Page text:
Will and Kai Xian point out that S&P 500 companies are now spending nearly all of their earnings on buy-backs and dividends. Reinforcing this, Barclays recently stated that this “payout ratio” is now over 100% of available (i.e., free) cash flow that Corporate America generates.
As a result, they believe the big surprise in all of this is that while companies undoubtedly will use some of the money returning from abroad for share repurchases, most of it will go to debt pay-downs. If so, this is likely to produce a nice tail-wind for corporate bonds as it means both increasing demand and shrinking supply.
It’s not a cloudless horizon for corporate debt, however. As they point out, should a recession occur, corporate credit spreads (the difference between government and private sector borrowing costs) will expand, perhaps dramatically. And as observed in numerous past EVAs, we believe spread-widening and-contracting episodes exert powerful influences on both stocks and the economy, with the former almost always a painful event. However, should companies start to aggressively deleverage, this might mean that, in the next economic downturn, corporate bonds hold up even better compared to stocks than they usually do during adverse times. Sorry, I forgot we don’t have those anymore—at least in the equity market.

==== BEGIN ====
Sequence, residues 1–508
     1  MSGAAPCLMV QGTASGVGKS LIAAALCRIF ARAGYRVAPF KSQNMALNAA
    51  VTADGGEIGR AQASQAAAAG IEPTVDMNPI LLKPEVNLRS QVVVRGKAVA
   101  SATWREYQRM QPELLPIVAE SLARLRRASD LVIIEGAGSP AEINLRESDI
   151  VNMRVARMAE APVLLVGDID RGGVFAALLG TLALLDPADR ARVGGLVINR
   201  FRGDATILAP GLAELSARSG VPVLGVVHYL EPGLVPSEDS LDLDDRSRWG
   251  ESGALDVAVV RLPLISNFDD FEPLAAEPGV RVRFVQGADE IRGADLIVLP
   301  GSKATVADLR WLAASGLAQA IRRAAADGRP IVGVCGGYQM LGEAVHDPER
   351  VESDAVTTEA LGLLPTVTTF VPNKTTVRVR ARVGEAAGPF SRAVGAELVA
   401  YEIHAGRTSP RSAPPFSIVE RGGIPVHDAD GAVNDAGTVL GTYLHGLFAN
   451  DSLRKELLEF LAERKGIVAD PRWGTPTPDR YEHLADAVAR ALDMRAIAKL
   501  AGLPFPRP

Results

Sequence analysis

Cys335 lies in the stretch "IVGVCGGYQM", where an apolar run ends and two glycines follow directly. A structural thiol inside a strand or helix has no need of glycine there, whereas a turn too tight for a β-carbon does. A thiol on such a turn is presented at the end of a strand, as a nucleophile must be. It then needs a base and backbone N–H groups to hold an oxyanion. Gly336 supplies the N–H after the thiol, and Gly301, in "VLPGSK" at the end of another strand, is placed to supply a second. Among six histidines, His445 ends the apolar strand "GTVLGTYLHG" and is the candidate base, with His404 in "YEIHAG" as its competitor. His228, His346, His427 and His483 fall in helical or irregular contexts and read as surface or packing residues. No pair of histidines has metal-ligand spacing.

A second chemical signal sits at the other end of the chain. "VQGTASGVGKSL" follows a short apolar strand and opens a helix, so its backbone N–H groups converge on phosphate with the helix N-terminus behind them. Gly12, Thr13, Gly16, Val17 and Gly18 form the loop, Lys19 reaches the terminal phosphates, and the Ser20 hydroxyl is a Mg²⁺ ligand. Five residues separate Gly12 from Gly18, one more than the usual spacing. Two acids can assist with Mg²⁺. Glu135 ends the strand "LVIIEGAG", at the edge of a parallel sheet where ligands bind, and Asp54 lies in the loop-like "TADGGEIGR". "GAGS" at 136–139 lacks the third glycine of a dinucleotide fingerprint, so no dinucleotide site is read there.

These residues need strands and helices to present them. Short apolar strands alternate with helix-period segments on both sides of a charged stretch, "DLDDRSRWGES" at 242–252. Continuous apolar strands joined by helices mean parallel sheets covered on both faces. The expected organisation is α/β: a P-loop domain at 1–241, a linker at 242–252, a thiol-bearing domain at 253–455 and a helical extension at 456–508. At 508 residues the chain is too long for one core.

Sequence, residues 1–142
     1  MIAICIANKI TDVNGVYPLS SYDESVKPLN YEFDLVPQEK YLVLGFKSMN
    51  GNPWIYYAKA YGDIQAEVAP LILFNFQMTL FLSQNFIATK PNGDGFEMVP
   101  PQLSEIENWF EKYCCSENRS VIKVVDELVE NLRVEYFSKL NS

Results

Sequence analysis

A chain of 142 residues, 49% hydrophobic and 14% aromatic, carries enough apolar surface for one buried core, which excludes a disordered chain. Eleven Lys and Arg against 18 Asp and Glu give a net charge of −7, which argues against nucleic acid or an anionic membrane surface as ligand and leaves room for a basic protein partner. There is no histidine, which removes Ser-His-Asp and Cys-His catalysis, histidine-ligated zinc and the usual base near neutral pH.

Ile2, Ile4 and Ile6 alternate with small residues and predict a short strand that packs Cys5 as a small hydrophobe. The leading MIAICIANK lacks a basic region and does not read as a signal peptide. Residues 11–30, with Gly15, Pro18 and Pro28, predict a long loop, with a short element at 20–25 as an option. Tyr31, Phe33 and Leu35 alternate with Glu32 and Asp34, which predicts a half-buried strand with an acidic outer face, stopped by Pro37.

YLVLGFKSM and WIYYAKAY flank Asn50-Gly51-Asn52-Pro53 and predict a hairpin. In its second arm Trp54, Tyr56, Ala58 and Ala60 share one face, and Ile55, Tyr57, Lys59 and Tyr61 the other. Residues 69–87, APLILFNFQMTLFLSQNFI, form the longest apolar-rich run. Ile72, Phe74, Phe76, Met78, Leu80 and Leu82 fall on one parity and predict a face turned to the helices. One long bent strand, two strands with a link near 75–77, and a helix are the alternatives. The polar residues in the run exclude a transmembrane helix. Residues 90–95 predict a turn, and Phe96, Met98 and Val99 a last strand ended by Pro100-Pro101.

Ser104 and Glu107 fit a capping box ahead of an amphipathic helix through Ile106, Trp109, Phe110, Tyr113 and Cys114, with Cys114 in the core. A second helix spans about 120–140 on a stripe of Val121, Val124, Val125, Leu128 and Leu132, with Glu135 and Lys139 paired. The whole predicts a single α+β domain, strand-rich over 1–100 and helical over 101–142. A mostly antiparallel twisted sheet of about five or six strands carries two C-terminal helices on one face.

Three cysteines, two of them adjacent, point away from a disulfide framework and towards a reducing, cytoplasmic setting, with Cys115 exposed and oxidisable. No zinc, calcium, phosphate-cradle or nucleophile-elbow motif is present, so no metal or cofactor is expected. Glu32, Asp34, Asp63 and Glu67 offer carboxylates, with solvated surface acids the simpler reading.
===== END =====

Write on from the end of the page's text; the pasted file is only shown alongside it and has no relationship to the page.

Chief Investment Officer
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By Will Denyer, Tan Kai Xian